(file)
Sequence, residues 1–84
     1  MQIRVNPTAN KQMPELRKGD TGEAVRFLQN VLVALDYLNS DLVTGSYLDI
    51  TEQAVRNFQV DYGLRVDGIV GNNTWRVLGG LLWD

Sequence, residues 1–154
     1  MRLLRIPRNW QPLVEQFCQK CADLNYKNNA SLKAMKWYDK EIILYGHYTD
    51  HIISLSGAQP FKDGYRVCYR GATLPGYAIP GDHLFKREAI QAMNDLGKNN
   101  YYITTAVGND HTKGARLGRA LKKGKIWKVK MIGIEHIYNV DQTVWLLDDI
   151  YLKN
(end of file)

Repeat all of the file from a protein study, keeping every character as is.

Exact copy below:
Sequence, residues 1–84
     1  MQIRVNPTAN KQMPELRKGD TGEAVRFLQN VLVALDYLNS DLVTGSYLDI
    51  TEQAVRNFQV DYGLRVDGIV GNNTWRVLGG LLWD

Sequence, residues 1–154
     1  MRLLRIPRNW QPLVEQFCQK CADLNYKNNA SLKAMKWYDK EIILYGHYTD
    51  HIISLSGAQP FKDGYRVCYR GATLPGYAIP GDHLFKREAI QAMNDLGKNN
   101  YYITTAVGND HTKGARLGRA LKKGKIWKVK MIGIEHIYNV DQTVWLLDDI
   151  YLKN